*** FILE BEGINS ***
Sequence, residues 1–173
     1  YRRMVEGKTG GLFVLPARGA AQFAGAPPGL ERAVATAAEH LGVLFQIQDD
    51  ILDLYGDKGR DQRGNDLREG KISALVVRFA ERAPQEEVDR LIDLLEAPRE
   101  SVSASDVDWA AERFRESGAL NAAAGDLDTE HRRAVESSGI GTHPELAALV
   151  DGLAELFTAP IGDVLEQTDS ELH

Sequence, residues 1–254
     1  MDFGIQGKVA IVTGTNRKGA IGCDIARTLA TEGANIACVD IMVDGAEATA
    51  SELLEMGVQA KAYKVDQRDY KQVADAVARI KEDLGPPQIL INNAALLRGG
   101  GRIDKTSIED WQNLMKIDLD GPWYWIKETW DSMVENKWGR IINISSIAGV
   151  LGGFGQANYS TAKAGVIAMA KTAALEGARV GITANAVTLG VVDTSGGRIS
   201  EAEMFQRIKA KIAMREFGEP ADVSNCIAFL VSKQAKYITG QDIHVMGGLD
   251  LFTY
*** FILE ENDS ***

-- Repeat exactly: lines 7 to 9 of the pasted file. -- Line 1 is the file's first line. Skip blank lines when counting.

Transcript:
     1  MDFGIQGKVA IVTGTNRKGA IGCDIARTLA TEGANIACVD IMVDGAEATA
    51  SELLEMGVQA KAYKVDQRDY KQVADAVARI KEDLGPPQIL INNAALLRGG
   101  GRIDKTSIED WQNLMKIDLD GPWYWIKETW DSMVENKWGR IINISSIAGV